It is really heartening to see more research that is being done in the beahavioural aspect of living with diabetes. Medical trials are certainly important but for those of us living with diabetes, sometimes it doesn’t hurt to ask how we are coping with things. Life in itself is complicated enough as it is without the burden of diabetes. Notice I used the word “burden”. According to Dictionary.com, a burden is something that is bourne with difficulty. Has diabetes been a burden to me? Yes. The countless almost weekly medical appointments, the frustration of roller-coaster BGLs, the multiple daily needles, not to mention it all my d-supplies have taken up two full drawers in my room, which could have been filled with other useless novel junk.
Often when I chat with my d-buddies, I hear the same stories of how health professionals are very pushy and very condescending in the way they speak to them. Personally, I’ve never had any real issues with my medical d-team. They’ve all been really fantastic in providing me with the information I need. I make it a point to understand everything that they’re doing and the meds that I’m taking (it’s my body after all!) and I will ask until I get my answers. However, all that aside, the one thing I’ve never been asked in a consult was how I was coping with everything.
Last week I had the opportunity to participate in an interview study to find out the beliefs and attitudes about type 2 diabetes: public perceptions and social experience run by Australian Centre for Behavioural Research in Diabetes. During the interview, I was asked some questions that I would have never even given a second thought. The most interesting question I was asked was how my friends and family think I developed diabetes and how they have been impacted by my diagnosis. Another thing that struck me was if there are any circumstances where I would deliberately hide the fact that I have diabetes.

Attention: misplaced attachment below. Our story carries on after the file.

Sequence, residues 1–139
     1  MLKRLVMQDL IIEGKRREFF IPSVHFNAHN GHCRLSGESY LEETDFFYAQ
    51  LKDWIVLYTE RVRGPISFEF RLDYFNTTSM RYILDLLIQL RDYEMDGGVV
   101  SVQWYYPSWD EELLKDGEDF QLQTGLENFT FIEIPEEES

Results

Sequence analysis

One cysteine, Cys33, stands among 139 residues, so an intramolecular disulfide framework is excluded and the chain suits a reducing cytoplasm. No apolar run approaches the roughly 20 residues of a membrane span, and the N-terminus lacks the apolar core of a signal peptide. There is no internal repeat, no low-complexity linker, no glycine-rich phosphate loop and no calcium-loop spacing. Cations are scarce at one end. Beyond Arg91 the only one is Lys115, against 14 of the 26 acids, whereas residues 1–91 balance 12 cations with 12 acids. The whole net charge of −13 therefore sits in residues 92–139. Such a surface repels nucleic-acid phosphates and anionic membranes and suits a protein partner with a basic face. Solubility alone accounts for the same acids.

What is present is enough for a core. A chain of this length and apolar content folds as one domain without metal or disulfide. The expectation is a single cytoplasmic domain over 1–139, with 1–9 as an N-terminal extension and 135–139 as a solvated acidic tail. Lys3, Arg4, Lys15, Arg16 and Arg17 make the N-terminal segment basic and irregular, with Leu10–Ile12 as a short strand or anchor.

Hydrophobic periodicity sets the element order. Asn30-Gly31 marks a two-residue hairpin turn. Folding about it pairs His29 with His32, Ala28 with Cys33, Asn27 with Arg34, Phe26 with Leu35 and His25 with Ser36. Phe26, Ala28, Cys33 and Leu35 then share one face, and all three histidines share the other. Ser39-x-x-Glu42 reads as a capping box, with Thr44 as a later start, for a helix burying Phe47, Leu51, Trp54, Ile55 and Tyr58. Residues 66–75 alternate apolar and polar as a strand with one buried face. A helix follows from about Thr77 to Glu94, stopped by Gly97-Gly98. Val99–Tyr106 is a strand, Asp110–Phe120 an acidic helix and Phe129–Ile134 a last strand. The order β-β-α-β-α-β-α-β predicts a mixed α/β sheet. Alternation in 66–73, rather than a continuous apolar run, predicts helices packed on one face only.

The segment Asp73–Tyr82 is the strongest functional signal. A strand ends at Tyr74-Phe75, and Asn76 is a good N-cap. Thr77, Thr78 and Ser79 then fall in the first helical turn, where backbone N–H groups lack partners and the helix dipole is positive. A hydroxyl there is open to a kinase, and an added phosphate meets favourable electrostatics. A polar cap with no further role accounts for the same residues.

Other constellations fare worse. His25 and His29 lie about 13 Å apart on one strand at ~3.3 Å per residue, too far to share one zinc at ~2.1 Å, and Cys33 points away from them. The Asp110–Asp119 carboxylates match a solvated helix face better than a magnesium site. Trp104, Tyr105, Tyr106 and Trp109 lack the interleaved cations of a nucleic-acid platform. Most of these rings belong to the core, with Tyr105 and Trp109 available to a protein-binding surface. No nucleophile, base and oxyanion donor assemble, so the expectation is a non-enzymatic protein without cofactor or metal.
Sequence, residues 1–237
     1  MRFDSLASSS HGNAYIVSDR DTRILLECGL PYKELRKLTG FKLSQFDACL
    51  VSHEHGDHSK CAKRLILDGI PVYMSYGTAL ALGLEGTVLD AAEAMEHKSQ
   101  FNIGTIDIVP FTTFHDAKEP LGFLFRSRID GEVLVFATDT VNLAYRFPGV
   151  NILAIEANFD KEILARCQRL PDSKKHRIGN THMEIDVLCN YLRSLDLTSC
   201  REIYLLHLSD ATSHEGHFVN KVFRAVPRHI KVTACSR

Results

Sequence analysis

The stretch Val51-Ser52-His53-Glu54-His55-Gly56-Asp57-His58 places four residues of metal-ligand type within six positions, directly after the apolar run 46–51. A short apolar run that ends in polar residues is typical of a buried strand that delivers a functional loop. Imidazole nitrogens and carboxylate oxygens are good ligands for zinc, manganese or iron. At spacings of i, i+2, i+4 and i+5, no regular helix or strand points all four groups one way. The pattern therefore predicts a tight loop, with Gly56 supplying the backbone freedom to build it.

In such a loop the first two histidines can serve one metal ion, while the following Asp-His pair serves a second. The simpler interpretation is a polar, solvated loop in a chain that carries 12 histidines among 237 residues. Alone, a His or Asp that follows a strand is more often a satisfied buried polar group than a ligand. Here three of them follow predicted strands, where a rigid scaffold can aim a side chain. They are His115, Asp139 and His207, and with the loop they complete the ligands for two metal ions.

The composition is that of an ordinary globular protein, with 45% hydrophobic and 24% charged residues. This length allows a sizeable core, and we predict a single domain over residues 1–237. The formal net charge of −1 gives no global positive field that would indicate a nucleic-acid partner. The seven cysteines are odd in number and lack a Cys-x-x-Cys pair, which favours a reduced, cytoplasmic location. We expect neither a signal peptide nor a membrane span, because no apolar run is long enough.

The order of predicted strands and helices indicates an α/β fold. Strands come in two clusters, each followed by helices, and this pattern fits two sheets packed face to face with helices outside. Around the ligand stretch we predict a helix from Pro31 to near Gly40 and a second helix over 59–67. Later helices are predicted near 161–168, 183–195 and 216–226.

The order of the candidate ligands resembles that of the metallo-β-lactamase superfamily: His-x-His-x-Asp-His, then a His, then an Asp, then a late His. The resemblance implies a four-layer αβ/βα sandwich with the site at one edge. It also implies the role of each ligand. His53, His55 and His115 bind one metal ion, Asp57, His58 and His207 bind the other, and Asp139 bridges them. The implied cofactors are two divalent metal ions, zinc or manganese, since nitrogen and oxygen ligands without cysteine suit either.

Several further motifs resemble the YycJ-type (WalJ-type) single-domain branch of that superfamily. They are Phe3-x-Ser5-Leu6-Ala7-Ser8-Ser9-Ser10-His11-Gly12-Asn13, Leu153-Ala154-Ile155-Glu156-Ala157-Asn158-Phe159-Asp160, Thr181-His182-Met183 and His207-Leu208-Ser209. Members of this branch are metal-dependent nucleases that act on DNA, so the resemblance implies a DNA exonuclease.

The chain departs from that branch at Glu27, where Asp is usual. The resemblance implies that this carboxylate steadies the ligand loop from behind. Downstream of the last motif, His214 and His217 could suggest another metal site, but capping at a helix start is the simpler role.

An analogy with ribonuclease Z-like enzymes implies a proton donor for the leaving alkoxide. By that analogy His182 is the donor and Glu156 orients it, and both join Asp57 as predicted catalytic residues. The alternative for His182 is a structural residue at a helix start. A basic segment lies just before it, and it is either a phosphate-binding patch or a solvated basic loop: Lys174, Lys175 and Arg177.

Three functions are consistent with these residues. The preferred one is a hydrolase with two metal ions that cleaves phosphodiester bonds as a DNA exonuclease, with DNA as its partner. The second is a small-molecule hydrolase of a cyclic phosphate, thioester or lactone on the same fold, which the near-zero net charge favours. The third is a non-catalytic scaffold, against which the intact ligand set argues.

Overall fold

My best friend says that she constantly worries about me. Not because of my complications or what not. But more from a perspective of how I handle my bad days. And it seems that I clam up and try and deal with it on my own. I never really saw it in that light as I know what to do when I have a low and how I would treat that. I don’t think I’ve ever spoken to my friends and family much about my diabetes before. Occasionally, there would be the odd question or so and I am always more than happy to answer it. But when I find myself in a bit of a rut, I often don’t know who to go to to ask for help or know necessarily the sort of help that would be best suited for my situation.
What I would like to know is how my diabetes have impacted on other people, especially when they see me testing and such. What do people think when they see other diabetics injecting or testing themselves in public? What goes through their minds? Which then brings me to deliberately hiding the fact that I have diabetes. I had a whinge once about how I was filling out a form and claimed I have no disabilities but when I mentioned that I have T2DM, they said I had to include that as a disability. I don’t see diabetes as a disability. It has, in fact, done the opposite and empowered me to become a healthier person, a better person and a better health professional. It would be interesting to come across a situation where I would deliberate shy away from telling people I have diabetes. Of course it’s not like I announce it to every person I meet but most of my friends find out only when they see me testing or injecting and they ask what I’m doing.
In the larger scheme of things, diabetes is part of me and if you can’t accept it or deal with it, and if people are going to be nasty about it, they are possibly not worth my time and effort. What’s the saying again? See the person, not the disability!